Syrians fleeing the violence in their country may soon have nowhere to go: Neighboring states are becoming increasingly overstretched and hesitant to host more refugees.
Turkey has reportedly put a cap on the number of refugees it is willing to host. Ahmet Davutoglu, the country’s foreign ministry, has been quoted as saying that Turkey “will run out of space to accommodate” refugees if their number surpasses 100,000. He suggested that the United Nations many need to establish a “safe zone” within Syria for refugees, Reuters reports.
Meanwhile, in Jordan, UNICEF has highlighted the need to expand aid operations in order to provide basic services to a steadily increasingly number of refugees. Most Syrians crossing to Jordan are accommodated in the tent camp of Za’atari, which is prone to sand storms and lacks natural shade.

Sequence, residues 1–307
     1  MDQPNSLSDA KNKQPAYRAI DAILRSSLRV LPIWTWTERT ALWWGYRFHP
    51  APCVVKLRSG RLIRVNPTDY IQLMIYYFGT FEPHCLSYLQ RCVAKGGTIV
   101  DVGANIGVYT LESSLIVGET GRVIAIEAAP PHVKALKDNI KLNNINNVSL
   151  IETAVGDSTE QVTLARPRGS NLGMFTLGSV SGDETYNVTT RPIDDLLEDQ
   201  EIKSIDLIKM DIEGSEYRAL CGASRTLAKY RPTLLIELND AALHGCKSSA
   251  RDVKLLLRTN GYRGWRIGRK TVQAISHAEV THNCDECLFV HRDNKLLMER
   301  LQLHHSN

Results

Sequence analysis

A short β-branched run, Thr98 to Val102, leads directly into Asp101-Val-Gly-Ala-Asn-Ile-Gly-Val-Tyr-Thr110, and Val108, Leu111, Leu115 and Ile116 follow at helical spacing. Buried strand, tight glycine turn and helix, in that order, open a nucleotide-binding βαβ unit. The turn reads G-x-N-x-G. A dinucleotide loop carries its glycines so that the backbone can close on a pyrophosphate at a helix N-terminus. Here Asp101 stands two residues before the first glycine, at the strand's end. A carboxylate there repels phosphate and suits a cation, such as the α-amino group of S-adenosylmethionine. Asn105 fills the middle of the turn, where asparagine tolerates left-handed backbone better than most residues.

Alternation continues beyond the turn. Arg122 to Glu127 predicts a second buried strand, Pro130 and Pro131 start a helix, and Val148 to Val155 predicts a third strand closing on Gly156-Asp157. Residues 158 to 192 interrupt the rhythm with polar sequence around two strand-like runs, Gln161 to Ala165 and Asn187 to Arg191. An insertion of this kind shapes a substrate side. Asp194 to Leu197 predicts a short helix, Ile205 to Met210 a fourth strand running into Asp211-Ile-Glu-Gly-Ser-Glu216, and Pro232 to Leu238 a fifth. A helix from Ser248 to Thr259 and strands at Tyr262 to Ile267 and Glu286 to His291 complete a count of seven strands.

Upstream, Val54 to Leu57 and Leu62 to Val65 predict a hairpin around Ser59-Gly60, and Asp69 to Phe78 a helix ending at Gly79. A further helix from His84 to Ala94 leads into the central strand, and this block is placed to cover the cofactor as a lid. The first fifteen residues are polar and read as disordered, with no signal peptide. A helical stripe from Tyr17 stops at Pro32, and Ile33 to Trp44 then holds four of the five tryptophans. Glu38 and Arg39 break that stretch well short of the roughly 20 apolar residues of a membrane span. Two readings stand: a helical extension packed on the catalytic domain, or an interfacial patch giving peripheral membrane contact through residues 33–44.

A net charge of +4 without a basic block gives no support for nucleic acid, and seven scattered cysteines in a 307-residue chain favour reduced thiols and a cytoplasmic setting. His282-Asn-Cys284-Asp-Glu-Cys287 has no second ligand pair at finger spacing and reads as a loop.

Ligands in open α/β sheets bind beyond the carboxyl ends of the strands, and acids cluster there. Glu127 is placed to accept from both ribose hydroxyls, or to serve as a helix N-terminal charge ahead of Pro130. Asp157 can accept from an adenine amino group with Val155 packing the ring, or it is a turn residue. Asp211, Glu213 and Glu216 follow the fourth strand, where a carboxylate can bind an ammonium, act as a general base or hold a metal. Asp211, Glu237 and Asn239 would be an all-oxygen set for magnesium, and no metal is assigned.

In Lebanon, at least one aid group has suspended its operations due to security concerns. Members of ShelterBox have been in touch with Lebanese ministers to help facilitate the delivery of shelters to Syria. The operation, however, was put on hold following reports of kidnapping and violence in Beirut that is believed to target citizens of countries deemed supportive of Syrian rebels, the nongovernmental organization said in a news release.
“Having found no other secure routes for ShelterBox aid in to Lebanon, we reluctantly made the decision to wait for a better chance and focus our efforts on Jordanian routes,” Phil Duloy of the group’s Syria response team explained.
There were approximately 170,000 Syrian refugees living in Jordan, Turkey, Iraq and Lebanon as of Aug. 16, according to the U.N. High Commissioner for Refugees. Of these, more than 61,000 were in Turkey, 46,898 in Jordan, and 46, 672 in Lebanon. Iraq is hosting some 14, 129 refugees, according to UNHCR.
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